It is critical to avoid transaction errors, since the cost of correcting them is several multiples of the cost of initially completing them correctly. Consequently, one of the better metrics is to monitor the transaction error rate. The error rate should be monitored in conjunction with the total number of transactions processed by each person, in order to ascertain whether any efficiency improvements under a lean accounting program are actually causing additional errors. The measurement can be further refined by focusing on those transaction errors that require the most time to fix.
The transaction error rate is useful as a free-standing measure of performance in any department, since the time of senior staff in any department may be required to correct transactional errors. The junior staff cannot be tasked with this activity, since they may not yet have sufficient knowledge to ensure proper correction of an error.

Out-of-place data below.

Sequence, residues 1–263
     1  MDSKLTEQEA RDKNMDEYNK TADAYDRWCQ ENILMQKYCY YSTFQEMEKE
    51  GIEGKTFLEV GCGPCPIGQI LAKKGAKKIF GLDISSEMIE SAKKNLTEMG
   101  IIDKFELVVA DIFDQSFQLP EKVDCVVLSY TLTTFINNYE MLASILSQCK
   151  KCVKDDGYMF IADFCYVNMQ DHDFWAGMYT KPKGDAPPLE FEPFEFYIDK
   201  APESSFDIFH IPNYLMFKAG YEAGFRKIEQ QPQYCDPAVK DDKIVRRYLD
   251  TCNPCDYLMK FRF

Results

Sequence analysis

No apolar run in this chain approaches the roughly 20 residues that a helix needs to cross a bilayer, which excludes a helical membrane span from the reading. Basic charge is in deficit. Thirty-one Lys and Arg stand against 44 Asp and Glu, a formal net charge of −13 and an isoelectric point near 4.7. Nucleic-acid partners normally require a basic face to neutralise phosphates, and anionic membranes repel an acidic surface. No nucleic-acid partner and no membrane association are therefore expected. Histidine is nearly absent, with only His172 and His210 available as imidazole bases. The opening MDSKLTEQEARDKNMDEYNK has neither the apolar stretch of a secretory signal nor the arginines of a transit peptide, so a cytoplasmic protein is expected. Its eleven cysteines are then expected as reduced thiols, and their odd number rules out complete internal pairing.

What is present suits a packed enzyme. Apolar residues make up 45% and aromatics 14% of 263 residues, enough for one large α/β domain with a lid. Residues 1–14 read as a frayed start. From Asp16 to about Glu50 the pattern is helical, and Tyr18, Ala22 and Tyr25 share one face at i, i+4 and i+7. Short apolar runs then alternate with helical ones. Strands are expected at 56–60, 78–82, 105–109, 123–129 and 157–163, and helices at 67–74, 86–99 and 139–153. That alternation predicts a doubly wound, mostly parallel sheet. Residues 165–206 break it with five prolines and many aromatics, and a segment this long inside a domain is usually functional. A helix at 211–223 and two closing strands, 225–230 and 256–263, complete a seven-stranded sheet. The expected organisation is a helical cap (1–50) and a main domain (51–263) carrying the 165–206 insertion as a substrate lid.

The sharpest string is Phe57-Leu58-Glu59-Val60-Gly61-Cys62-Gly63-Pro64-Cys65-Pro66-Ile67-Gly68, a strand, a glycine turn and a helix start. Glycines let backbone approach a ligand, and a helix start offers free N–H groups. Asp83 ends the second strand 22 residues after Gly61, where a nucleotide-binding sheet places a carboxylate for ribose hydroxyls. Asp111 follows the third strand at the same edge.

To formulate the transaction error rate, add up all transaction-related errors in a reporting period and divide them by the total number of transactions completed within the same reporting period. This calculation should match transactional errors to the pool of the same types of transactions completed, which will result in a separate error rate for each general type of transaction.
For example, the senior accounting clerk of the Divine Gelato Company wants to reduce the amount of staff time spent on correcting transactional errors. She has derived the following information for the last reporting period:
No. of Errors
|No. of Total
|Cash receipt transactions||28||3,010||0.9%|
The most egregious error rate is in the billing transactions area, with payable transactions coming in a close second. The senior clerk realizes that the effort needed to correct errors in the payables area is much greater than in the billing area, so she elects to focus her process improvement efforts in the payables area in order to most rapidly reduce the total amount of staff time spent on error corrections.